Get to Know Your Penis

Get to Know Your Penis for Bigger, Better Orgasms

The special technique to increase the power and intensity of your orgasm taught in this series relies on you knowing a little bit about the internal structure of your penis. It will help you understand why you are being asked to do certain things.

We are going to be concentrating on the internal muscles of the penis, in particular those intimately connected with the pleasure and function of orgasm and ejaculation called the pubococcygeus (pronounced pew-bo-kok-cye-gee-us) or ‘PC’ muscle for short.

The illustration below shows the internal structure of the male genitals. You should note a sheath of muscle running from the anus forward toward, between the legs (the perineum) the root of the scrotum. This forms part of the PC muscle.

Internal Anatomy of the Penis

For the more scientifically minded, the PC muscle begins at the back of the pubis and from the front part of the obturator fascia, running backward horizontally along the side of the anal canal toward the coccyx and sacrum to which if finds attachment.

In between the end of the vertebral column and the anus, the two PC muscles come together and form a thick, muscular layer lying on the raphé formed by the iliococcygei.

The greater part of this muscle is inserted into the coccyx and into the last one or two pieces of the sacrum.

In plain English what this means is that there is a sheath of muscle that runs from your anus forward in-between your legs to the base of your scrotum or balls. You may not know its there or have used it much but all that is about to change.

It’s important to remember that there are no bones or muscles in the penis itself, which is made up primarily of spongy tissue that becomes engorged with blood during arousal and erection. However, two or three inches of the penis are rooted inside the body in the PC muscle.

When you want to stop urinating in mid-flow it is this muscle you use to stop the flow of liquid through the urethra. If you want to control a bowel movement and tighten your anus, you are also tightening the PC muscle as both are interrelated. It is also the PC muscle that rapidly and rhythmically contracts when you orgasm and ejaculate, moving the semen up through the penis and out of the body. It is these rapid, involuntary muscular contractions during orgasm that produce the unique and pleasurable sensations experienced during ejaculation.

Orgasm and Ejaculation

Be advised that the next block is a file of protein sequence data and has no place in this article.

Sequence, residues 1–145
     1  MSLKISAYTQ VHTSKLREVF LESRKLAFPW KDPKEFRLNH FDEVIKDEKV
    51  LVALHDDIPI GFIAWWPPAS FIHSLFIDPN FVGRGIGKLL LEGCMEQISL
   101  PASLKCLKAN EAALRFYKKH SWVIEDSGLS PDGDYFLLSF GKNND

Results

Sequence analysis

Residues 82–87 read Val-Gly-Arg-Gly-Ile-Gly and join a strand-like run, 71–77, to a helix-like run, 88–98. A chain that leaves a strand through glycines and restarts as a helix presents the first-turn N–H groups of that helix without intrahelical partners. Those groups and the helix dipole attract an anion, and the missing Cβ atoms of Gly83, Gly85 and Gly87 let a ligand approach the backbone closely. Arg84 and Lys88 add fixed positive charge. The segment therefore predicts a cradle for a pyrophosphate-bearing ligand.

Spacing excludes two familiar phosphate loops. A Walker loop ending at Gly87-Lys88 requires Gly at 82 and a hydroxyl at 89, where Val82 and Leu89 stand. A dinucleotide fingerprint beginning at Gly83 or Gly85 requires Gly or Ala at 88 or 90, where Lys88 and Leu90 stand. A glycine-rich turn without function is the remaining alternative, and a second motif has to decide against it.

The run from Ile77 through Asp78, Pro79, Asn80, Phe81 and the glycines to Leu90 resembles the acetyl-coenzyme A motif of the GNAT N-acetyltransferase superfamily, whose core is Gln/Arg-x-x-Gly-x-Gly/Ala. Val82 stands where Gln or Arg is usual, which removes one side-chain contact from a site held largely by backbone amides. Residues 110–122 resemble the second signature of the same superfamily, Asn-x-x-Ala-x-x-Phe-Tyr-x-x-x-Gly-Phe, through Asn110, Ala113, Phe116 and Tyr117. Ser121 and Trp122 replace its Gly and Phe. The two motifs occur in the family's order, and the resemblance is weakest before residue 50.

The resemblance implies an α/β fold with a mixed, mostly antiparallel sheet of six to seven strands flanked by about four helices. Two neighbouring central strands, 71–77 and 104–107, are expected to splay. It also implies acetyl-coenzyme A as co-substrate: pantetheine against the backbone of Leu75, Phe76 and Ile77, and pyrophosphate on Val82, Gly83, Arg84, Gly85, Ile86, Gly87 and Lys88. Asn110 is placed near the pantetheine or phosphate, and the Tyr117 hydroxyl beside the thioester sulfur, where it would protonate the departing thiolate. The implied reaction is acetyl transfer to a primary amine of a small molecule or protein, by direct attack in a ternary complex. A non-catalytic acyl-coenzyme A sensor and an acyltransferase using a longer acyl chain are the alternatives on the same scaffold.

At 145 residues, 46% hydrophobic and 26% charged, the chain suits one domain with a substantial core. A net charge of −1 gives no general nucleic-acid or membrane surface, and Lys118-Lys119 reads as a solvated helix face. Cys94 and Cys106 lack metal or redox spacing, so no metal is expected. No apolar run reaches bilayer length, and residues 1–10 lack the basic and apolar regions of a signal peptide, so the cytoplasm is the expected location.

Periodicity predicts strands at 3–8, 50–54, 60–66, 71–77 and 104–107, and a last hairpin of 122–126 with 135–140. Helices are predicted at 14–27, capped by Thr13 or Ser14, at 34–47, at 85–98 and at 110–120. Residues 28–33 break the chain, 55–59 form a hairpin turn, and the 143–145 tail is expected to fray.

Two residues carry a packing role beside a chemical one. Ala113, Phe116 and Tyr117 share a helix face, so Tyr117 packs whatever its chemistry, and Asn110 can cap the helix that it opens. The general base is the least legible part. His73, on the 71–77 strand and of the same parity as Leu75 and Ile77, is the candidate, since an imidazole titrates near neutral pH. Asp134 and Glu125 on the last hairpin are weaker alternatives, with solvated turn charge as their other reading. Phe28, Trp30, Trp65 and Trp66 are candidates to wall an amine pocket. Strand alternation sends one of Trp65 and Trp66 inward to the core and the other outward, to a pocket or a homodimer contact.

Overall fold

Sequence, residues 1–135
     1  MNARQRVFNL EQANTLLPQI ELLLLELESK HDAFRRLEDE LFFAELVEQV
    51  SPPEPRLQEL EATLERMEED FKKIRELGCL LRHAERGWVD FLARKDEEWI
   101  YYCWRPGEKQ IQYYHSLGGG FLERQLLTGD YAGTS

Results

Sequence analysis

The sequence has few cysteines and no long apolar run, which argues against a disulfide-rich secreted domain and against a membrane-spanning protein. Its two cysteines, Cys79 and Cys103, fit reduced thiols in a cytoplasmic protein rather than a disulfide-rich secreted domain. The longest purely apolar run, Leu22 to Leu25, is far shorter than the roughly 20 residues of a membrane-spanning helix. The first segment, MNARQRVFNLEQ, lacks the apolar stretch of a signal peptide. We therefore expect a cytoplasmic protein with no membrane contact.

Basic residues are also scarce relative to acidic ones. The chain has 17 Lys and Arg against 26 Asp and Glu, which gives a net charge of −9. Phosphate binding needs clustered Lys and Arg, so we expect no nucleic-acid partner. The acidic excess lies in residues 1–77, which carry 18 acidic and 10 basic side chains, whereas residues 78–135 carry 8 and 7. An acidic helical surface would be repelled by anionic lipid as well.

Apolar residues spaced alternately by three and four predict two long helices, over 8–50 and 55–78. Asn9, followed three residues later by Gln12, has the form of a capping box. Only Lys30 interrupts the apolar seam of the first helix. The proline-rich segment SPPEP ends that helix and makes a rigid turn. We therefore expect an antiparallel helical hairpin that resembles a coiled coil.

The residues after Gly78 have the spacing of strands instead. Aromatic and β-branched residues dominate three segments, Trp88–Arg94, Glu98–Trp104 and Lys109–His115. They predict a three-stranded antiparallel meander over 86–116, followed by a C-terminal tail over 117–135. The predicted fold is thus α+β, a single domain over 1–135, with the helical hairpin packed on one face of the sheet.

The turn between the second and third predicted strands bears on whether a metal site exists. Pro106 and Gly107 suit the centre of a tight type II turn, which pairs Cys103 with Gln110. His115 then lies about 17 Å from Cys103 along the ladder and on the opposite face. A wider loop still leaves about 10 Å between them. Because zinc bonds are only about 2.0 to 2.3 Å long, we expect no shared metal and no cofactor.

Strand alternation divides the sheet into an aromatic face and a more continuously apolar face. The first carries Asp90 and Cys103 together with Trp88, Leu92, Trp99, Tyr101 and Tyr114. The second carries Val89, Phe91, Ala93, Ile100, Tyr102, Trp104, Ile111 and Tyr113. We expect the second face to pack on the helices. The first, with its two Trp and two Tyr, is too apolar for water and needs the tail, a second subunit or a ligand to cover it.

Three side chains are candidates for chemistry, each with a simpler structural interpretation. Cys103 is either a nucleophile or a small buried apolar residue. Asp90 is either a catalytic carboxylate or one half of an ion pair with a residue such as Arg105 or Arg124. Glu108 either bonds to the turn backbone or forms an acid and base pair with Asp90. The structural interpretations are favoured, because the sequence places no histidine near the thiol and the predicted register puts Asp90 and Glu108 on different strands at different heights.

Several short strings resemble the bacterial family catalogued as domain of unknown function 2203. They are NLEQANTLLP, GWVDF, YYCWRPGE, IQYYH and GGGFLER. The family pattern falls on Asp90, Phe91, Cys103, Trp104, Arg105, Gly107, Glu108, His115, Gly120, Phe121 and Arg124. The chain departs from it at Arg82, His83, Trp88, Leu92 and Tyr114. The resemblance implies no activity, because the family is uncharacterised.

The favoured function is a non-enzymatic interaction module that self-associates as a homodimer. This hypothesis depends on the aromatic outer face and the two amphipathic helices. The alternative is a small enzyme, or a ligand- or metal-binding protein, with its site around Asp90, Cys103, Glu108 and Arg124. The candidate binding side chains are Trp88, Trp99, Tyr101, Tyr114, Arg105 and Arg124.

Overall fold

Understanding what happens in your body when you orgasm and ejaculate will help you understand why the exercise you will learn can be so effective in improving your sexual pleasure.

When a man has sex or is masturbating, he eventually reaches a point of maximum sexual excitement and stimulation and feels himself ‘coming’, sometimes referred to as ‘the point of no return’. This is that short period when he feels ejaculation and orgasm are inevitable and cannot be stopped.

It is then that a spinal reflex causes the rapid rhythmic contractions of the PC muscle, along with contractions of muscles in or around the anal sphincter, rectum, perineum (the area between your legs bordered by your anus at the back and your scrotum at the front), urethra and prostate gland. It is these rhythmic contractions that account for the spurting action of semen during ejaculation.

At first the intervals between muscle contractions are about 0.8 seconds but these rapidly become longer and the contractions become slower with the intensity of the contractions tapering off after the first three or four initial spasms.

The word ‘orgasm’ refers specifically to these sudden and rhythmic muscular contractions in the pelvic region that release accumulated sexual tension and result in an intensely pleasurable sensation. Orgasms can vary from person to person and for each individual at different times. For some it can be an explosive rush of overwhelming sensations where all inhibitions and self-control are lost.

At other times and for other people it can be subtler and less intense experience. The varying intensities of orgasm can be due to physical factors such as fatigue, length of time between orgasms, mood, relation to your partner and the condition of the PC muscle.

Of course, orgasm is not just a pelvic event but also involves an alteration of brain wave patterns as well as the tensing of muscles in many other parts of the body. However, the chief focus of sensation for most men occurs with the intensely pleasurable contractions of the PC muscle, anal sphincter, rectum, perineum and genitals.

Much like working out your biceps can give you better definition and more upper arm strength, the PC muscle can also be exercised to improve it's strength and condition.

Because the muscle is so intimately connected to the pleasure of orgasm, toning up the PC can help you not only strengthen and better define your erections but also increase the pleasurable sensations experienced when coming.

In the next installment, we will take a closer look at the PC muscle.

Cover photo by Justmoi - Own work, CC BY-SA 3.0, https://commons.wikimedia.org/w/index.php?curid=26669696

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